Charlotte Street Partners



All stressed out and nowhere to go

Written by Charlie Clegg, senior associate 
Edited by Adam Shaw, associate partner
29 March 2021

Good morning,

In the Topkapı Palace in Istanbul stands a cage-like building known as the kafes. Here the sultan kept his heir under constant confinement and surveillance. The heir had no way out but his reward was an empire.  

In 2021, demanding junior positions at major investment banks offer similar trial and reward. The protests of some Goldman Sachs analysts against 98-hour weeks have attracted global attentionThese are far from the world’s only workers whose poor conditions have been worsened by the pandemic. Yet eyes are inevitably drawn to the Darwinian world of finance by its glamorous reputation. 

Before the pandemic, an environment of 98-hour shifts at a leading investment bank might have been a cage but it was a golden cage. And, unlike the sultan’s heir, if you didn’t want the reward, you could leave. The pandemic, however, has made such positions less golden and more of a cage. 

The glamour of investment banking, the camaraderie and the plate glass offices have been replaced by isolation and cramped flats. The vaunted freedom of home working has proven to be the freedom never to stop. Juniors working 18-hour shifts earn less, per hour, than the living wageSome senior executives may be understanding but cultural shifts will not come overnight. 

Before the pandemicstruggling analysts could leap into unemployment, reasonably certain a decent CV would lead back to a decent job. Covid has eroded any such certainty. 

Last week we found out that, despite resilient job numbers, 61% of those who lost payrolled employment last month were under 25. The looming end of support schemes is unlikely to improve this picture. Although retail and hospitality are more affected than white collar jobs, unemployment would be a bold step for any young worker.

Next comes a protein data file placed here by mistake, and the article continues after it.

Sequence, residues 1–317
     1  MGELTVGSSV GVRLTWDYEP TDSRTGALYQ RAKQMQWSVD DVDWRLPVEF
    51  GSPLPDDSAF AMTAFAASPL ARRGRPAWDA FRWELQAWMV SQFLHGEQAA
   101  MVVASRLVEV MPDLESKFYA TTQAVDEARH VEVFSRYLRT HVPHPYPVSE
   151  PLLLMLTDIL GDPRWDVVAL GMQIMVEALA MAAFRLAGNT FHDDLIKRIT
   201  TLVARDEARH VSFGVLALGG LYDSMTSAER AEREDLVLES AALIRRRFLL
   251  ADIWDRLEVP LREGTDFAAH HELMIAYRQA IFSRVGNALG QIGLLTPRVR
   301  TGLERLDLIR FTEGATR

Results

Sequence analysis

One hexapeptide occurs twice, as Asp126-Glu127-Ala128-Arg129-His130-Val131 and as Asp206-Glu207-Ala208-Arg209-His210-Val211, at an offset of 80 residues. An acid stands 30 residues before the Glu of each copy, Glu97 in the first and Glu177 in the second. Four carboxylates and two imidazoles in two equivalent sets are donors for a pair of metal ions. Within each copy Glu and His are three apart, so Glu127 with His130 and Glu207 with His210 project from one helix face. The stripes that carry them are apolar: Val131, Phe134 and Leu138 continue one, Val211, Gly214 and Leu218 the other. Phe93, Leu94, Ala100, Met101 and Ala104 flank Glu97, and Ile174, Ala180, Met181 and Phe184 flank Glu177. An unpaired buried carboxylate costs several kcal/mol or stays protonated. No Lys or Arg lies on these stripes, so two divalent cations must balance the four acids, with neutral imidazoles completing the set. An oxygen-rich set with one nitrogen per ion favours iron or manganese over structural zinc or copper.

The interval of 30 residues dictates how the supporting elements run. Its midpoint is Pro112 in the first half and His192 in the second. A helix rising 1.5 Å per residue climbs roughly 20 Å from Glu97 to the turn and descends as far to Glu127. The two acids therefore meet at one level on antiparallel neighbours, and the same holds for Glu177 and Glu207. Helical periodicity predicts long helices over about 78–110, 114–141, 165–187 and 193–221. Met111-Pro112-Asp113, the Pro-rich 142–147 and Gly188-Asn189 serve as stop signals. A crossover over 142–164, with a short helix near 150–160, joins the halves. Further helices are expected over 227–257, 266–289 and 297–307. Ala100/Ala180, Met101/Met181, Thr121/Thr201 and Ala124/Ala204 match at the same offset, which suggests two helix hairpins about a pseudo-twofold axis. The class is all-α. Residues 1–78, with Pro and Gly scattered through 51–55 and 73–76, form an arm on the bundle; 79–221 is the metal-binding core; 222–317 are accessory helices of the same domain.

City analysts are far from the only workers in such a bind. Home working, though a gift to many, has worsened conditions for others. Employers cannot, on their own, create a jobs market that works for younger employees. They can, however, ensure the transition back to the office is a reset point: one at which a decrease in flexibility is outweighed by increases in camaraderie and mutual careOtherwise, young employees will remain in the cage with no promise of a palace. 


Reports emerged this morning that the Ever Given – the container ship obstructing the Suez Canal – has been re-floated and will soon be movedThe 400-metre-long ship ran aground in the vital waterway last Tuesday, causing immense disruption to global trade routes. 

Lockdown rules will ease in England from today as the stay-at-home order ends. Outdoor sport is now permitted while up to six people from two different households will be permitted to meet outside. The government has unveiled the changes under a new slogan: “Hands, face, space, fresh air”. The stayathome order ended in Wales on Saturday and will end in Scotland and Northern Ireland on Friday and Thursday respectively. 

Alex Salmond has offered an olive branch to Nicola Sturgeon after launching his new political party, Alba, on Friday. The first minister has previously made clear she does not believe reconciliation with her predecessor is possible. The offer comes as Neale Hanvey, the Kirkcaldy and Cowdenbeath MPjoined East Lothian MP and former minister Kenny MacAskill in leaving the SNP for Salmond’s new party. (£)